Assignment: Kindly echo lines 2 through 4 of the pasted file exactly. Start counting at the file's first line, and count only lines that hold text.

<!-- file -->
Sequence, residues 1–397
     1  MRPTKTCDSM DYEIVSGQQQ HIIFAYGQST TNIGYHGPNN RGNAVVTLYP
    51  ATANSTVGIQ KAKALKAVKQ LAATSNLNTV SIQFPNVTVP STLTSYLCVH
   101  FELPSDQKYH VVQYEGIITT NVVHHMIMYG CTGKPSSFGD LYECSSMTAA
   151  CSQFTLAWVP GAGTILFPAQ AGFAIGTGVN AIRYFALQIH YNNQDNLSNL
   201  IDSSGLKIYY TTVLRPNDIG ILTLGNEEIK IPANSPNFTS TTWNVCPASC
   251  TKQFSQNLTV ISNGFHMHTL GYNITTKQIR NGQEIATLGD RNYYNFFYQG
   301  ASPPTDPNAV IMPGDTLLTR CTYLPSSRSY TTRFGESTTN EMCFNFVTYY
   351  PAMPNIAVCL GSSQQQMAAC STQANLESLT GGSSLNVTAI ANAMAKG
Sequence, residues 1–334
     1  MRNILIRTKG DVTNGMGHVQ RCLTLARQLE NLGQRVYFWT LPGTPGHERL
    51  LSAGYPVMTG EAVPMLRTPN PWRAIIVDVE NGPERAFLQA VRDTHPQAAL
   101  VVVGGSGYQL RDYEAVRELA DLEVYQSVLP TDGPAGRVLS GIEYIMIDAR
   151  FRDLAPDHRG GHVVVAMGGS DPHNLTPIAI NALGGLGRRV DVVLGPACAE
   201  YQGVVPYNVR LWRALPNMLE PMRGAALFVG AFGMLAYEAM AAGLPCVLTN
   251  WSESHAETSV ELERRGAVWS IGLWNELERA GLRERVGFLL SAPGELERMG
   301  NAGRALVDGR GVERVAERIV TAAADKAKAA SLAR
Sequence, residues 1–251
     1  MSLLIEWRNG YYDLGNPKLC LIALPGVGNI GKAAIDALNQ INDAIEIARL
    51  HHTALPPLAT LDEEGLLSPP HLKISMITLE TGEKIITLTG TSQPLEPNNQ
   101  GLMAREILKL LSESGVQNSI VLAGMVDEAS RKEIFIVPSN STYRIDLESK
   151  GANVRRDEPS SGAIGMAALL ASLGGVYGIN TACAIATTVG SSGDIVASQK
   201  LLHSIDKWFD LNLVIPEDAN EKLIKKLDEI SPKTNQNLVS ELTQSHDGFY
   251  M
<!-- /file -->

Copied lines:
     1  MRPTKTCDSM DYEIVSGQQQ HIIFAYGQST TNIGYHGPNN RGNAVVTLYP
    51  ATANSTVGIQ KAKALKAVKQ LAATSNLNTV SIQFPNVTVP STLTSYLCVH
   101  FELPSDQKYH VVQYEGIITT NVVHHMIMYG CTGKPSSFGD LYECSSMTAA